There are also things that confuse me, and they probably always will.

Now, Throughout U.S. history, Americans have looked to the future with a certain raw optimism that I think has shaped our national identity. The Revolutionary War was fought (theoretically) on principles of independence and freedom, and through over half of America's existence, we have had a frontier to push to. In the back of our heads, Americans have always known there is a place for us to start over if we wished, to begin a new life as we see fit. I think as a result, it is uniquely American belief to think that we have both the right and ability to change ourselves if we desire and start afresh. Immigrants who came to the U.S. also had the opportunity to reinvent themselves in a new way if they wished, questioning and re-evaluating their own traditions and cultures and able to keep what they wished while leaving everything else behind.

That has not happened here, not in my state anyway. Instead, modernization has come through foreign channels, always from the outside. Malaysia has had a long history of being occupied and colonized by one power or another throughout history, and this has greatly affected the way that many people view modernization and might explain why some may fear, resent, or oppose a more modern way of life. Here, it seems, many are pulled in a great many different directions by their instincts to be true to their identity while at the same time learning how to choose beneficial elements of modernity. I see it in my students every day: they are so often torn between old and new ways of life.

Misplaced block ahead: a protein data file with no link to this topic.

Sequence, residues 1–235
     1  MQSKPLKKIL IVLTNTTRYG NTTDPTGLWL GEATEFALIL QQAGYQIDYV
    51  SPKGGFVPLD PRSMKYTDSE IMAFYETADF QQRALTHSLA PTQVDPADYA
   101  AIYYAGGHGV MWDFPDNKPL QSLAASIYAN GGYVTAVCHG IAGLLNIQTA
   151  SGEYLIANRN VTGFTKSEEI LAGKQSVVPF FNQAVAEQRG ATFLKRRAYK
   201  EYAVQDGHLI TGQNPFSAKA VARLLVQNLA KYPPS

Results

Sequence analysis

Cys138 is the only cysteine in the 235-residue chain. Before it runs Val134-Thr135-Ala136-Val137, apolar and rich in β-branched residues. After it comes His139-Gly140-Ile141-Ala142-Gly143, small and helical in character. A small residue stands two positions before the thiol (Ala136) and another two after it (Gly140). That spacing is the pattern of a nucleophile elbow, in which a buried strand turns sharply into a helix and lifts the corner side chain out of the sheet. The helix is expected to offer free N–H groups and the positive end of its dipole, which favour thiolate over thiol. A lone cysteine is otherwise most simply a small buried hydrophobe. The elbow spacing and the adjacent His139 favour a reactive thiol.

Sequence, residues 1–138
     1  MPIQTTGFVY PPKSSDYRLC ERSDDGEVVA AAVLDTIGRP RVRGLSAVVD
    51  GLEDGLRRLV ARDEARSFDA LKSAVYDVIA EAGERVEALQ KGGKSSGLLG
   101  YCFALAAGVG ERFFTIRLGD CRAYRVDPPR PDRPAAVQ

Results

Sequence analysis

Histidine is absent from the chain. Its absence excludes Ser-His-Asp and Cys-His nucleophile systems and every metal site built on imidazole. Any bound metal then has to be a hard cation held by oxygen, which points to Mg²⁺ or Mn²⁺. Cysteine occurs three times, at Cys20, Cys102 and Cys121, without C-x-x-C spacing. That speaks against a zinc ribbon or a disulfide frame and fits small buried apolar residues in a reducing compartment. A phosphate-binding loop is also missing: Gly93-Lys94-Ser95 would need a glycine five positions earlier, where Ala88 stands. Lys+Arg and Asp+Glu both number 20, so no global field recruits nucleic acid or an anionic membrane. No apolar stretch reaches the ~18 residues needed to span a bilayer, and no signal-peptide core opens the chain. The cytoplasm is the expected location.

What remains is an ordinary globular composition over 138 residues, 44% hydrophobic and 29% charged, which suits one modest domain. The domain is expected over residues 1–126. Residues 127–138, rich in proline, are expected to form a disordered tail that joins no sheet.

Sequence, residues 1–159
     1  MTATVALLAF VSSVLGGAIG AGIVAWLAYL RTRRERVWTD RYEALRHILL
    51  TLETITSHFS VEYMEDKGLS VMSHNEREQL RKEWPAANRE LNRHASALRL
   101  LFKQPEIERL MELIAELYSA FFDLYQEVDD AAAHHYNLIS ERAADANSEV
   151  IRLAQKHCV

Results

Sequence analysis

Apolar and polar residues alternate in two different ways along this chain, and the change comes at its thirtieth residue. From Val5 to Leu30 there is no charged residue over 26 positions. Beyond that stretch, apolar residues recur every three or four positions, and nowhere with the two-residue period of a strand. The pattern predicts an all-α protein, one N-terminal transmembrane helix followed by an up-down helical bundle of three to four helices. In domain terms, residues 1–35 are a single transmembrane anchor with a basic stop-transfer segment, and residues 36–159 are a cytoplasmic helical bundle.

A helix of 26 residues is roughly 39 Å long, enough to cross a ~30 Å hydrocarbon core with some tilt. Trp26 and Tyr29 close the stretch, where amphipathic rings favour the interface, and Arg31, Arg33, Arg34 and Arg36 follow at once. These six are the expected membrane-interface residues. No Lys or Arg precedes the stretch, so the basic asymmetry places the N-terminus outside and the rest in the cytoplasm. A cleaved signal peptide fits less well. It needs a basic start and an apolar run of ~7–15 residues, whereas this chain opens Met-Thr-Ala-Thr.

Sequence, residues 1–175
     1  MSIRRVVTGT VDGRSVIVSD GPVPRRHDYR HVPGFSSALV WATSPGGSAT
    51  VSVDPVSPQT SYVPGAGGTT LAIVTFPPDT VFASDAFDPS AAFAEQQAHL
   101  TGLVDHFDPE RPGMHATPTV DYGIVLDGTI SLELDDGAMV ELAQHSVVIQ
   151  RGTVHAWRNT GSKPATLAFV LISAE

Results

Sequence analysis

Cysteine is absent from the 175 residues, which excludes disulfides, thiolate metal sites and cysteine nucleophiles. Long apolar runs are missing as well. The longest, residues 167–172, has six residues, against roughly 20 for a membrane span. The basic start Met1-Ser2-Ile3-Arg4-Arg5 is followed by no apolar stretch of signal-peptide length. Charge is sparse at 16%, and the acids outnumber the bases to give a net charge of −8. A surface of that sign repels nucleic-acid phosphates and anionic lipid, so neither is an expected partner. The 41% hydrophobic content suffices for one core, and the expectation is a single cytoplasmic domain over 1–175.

Chukai shows some of these signs of strain and conflict. Here, there are supermarkets right next to shacks made from corrugated steel. Chinese businessmen sip tall bottles of beer just a couple blocks away from the local mosque where alcohol consumption of any kind is a serious sin. Modern businesses that serve both local and Western food stand with brightly painted signs a few miles from a fishing village that looks like it hasn't changed in a thousand years. Compared to a good deal of the area, this town is fairly developed and contains a lucrative oil field about five miles north of the town, as well as one of the deepest ports in Malaysia. All along the ocean's horizon I can see a line of oil tankers heading out to various parts of world, and the gas flares light up the northern sky with a strange orange light, which casts flickering shadows on that fishing village I mentioned. There are several local coffee shops that are quite popular, and all food served is Halal (kind of like Kosher, but for Muslims). Particularly at night, families come and eat anything from French fries to keropok lekor (a deep fried fish sausage which might sound disgusting, but is actually pretty good). I have this image of a young Muslim woman, completely covered with the exception of her face and hands, enjoying her food while booty-shaking dancers flanking Ludacris played on a projector TV in the background. Keep in mind that when Gwen Stefani played in Kuala Lumpur, she was not allowed to show her belly button. I guess that Ludacris video just slipped through the cracks. I'll also never understand why alcohol is avoided with such rigor, to the point where some locals will not eat at a restaurant that serves beer or wine, while cigarettes are enjoyed by nearly everyone. Except women. I have never seen a woman smoking in this state. Yes, I know that alcohol and pork are 'haram' or forbidden by Islam, but medically speaking cigarettes are far worse. Why avoid pork and alcohol with such zeal but freely use tobacco? It is confusing to me.